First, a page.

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pander

[pan-der]
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noun Also pan·der·er.
  1. a person who furnishes clients for a prostitute or supplies persons for illicit sexual intercourse; procurer; pimp.
  2. a person who caters to or profits from the weaknesses or vices of others.
  3. a go-between in amorous intrigues.
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verb (used without object)
  1. to act as a pander; cater basely: to pander to the vile tastes of vulgar persons.
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verb (used with object)
  1. to act as a pander for.
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Origin of pander

1325–75; earlier pandar(e), generalized use of Middle English name Pandare Pandarus
Related formspan·der·age, nounpan·der·ing·ly, adverbpan·der·ism, nounpan·der·ly, adjective
Can be confusedpanda pander
Dictionary.com Unabridged Based on the Random House Unabridged Dictionary, © Random House, Inc. 2018

Examples from the Web for panderer

Contemporary Examples

Historical Examples

  • But your friend, your accomplice, your panderer—the coward who represents you—shall pay for your crime.

    Louise de la Valliere

    Alexandre Dumas, Pere

  • She then undressed the body, placed it naturally in bed, and went out to look for "her Billy," her paramour and panderer in vice.

  • With this sort of despite I was sufficiently inspired, extending equally to the patron and the panderer.

  • "Panderer" is not a pretty thing to be called, but the pleasant Messrs. Hilkovitz and Berger swallow it.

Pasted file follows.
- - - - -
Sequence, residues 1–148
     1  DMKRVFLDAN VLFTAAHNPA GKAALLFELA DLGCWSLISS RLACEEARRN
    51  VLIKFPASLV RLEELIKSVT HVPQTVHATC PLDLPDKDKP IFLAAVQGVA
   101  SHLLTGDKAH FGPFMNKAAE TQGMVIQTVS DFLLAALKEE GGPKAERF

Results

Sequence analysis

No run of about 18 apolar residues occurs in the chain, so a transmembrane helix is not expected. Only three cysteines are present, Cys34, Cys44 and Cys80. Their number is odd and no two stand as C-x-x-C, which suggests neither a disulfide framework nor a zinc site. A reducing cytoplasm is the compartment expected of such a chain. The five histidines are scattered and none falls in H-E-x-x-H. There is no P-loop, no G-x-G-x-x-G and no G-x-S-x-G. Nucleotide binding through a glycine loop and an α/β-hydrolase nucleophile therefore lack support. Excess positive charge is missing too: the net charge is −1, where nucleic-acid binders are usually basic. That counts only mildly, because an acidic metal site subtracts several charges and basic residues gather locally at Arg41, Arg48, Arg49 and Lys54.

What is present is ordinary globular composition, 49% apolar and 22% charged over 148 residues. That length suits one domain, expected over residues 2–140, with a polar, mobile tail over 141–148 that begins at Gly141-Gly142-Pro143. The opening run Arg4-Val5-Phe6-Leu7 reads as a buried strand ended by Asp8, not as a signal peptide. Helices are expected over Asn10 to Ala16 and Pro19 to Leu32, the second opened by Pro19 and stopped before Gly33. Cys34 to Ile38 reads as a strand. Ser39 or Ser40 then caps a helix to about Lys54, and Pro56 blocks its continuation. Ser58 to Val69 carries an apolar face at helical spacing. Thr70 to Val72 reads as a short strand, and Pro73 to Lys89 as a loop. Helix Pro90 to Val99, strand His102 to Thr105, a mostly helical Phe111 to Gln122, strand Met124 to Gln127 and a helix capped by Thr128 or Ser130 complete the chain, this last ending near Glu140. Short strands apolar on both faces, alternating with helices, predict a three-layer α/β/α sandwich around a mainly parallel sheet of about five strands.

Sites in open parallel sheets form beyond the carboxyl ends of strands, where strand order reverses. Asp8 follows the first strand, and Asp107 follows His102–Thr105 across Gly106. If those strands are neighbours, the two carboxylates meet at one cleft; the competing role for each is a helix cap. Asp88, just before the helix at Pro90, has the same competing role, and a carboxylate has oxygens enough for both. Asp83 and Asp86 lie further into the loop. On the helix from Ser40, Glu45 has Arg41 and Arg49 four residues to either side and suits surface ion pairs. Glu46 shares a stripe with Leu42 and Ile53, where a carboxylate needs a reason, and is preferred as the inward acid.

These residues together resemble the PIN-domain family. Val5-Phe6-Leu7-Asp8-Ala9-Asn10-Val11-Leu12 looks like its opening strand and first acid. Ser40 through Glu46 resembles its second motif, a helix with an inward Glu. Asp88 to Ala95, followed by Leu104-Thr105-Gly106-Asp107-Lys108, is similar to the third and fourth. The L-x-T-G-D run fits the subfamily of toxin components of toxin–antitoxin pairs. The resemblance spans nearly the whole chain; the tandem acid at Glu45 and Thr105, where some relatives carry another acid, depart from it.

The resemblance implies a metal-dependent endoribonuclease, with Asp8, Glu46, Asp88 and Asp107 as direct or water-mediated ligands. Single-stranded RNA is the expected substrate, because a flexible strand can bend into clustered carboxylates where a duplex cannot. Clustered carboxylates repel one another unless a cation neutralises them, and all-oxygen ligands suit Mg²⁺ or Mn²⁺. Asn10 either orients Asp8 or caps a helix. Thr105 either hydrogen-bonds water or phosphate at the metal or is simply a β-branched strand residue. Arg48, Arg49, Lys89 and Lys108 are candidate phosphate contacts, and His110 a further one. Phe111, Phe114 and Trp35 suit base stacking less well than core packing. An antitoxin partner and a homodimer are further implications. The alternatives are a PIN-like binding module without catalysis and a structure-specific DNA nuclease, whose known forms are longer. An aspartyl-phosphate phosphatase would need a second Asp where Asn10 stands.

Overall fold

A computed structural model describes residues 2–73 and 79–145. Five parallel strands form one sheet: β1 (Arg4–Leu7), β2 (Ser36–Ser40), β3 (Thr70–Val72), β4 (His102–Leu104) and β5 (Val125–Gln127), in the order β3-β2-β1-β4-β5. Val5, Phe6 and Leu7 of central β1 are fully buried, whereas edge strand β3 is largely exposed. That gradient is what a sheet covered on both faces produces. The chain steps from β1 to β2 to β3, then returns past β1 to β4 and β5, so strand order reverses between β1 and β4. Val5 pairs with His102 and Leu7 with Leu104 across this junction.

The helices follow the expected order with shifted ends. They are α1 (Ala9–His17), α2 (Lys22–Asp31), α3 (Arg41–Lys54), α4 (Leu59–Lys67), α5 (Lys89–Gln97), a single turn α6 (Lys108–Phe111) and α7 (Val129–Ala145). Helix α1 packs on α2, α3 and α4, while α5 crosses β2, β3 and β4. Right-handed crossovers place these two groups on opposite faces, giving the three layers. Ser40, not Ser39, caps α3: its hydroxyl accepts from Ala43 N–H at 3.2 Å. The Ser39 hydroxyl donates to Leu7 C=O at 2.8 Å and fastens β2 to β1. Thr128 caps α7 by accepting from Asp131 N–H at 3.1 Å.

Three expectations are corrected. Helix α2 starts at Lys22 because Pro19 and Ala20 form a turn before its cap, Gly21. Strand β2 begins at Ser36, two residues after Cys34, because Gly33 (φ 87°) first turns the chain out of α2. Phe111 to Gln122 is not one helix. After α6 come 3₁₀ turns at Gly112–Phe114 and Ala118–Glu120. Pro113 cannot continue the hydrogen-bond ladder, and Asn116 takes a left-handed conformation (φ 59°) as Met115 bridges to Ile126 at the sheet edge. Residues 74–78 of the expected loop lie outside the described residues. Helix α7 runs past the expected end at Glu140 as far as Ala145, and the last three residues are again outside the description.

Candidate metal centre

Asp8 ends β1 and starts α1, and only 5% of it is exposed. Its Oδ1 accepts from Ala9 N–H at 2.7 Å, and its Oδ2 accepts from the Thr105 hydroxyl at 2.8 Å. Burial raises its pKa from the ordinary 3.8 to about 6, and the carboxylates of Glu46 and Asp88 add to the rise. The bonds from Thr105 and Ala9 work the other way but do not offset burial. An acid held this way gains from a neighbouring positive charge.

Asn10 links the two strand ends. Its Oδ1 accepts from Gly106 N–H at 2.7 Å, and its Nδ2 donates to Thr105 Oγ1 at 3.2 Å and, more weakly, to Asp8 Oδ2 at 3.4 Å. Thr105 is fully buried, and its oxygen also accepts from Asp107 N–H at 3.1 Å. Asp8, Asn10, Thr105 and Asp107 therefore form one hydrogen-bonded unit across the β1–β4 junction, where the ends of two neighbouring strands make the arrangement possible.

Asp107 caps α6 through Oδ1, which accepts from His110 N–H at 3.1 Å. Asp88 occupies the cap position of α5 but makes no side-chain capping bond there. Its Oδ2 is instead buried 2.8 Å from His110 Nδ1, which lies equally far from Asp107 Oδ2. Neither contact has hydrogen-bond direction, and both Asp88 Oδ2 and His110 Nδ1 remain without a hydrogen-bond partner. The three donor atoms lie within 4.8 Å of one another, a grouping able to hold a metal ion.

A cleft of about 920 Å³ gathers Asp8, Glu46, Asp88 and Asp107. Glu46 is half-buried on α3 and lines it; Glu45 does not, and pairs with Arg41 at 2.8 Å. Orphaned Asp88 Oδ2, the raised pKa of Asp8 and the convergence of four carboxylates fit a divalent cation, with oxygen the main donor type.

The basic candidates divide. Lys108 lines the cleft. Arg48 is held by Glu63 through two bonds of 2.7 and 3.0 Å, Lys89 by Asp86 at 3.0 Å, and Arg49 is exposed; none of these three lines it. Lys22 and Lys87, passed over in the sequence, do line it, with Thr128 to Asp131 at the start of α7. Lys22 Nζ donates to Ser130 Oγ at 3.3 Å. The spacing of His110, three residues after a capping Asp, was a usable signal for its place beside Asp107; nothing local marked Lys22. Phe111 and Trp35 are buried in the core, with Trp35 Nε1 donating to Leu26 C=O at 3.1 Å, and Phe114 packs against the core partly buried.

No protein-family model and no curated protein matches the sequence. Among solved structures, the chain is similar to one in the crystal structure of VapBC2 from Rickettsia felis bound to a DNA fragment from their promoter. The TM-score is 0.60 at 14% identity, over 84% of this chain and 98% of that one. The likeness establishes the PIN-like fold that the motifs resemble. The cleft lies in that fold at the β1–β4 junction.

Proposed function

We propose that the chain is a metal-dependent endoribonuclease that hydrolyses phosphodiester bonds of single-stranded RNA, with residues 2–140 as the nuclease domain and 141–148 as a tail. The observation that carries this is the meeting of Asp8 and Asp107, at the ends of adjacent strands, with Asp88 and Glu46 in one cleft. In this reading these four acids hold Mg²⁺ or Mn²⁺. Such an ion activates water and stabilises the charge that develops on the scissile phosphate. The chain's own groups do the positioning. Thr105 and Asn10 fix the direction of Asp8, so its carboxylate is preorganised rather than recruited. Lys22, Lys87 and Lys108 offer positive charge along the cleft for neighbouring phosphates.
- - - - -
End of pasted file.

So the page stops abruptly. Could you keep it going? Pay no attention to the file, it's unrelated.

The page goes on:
The Red Conspiracy

    Joseph J. Mereto


British Dictionary definitions for panderer

pander

verb
  1. (intr foll by to) to give gratification (to weaknesses or desires)
  2. (archaic when tr) to act as a go-between in a sexual intrigue (for)
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noun Also: panderer
  1. a person who caters for vulgar desires, esp in order to make money
  2. a person who procures a sexual partner for another; pimp
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Word Origin

C16 (n): from Pandare Pandarus
Collins English Dictionary - Complete & Unabridged 2012 Digital Edition © William Collins Sons & Co. Ltd. 1979, 1986 © HarperCollins Publishers 1998, 2000, 2003, 2005, 2006, 2007, 2009, 2012

Word Origin and History for panderer

pander

n.

"arranger of sexual liaisons, one who supplies another with the means of gratifying lust," 1520s, "procurer, pimp," from Middle English Pandare (late 14c.), used by Chaucer ("Troylus and Cryseyde"), who borrowed it from Boccaccio (who had it in Italian form Pandaro in "Filostrato") as name of the prince (Greek Pandaros), who procured the love of Cressida (his niece in Chaucer, his cousin in Boccaccio) for Troilus. The story and the name are medieval inventions. Spelling influenced by agent suffix -er.

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pander

v.

"to indulge (another), to minister to base passions," c.1600, from pander (n.). Related: Pandered; pandering.

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Online Etymology Dictionary, © 2010 Douglas Harper

panderer in Medicine

Pander

(pändər)Christian Heinrich 1794-1865
  1. Russian-born German anatomist and pioneer embryologist. With Karl Ernst von Baer he discovered the distinct structural layers of the chick embryo.
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The American Heritage® Stedman's Medical Dictionary Copyright © 2002, 2001, 1995 by Houghton Mifflin Company. Published by Houghton Mifflin Company.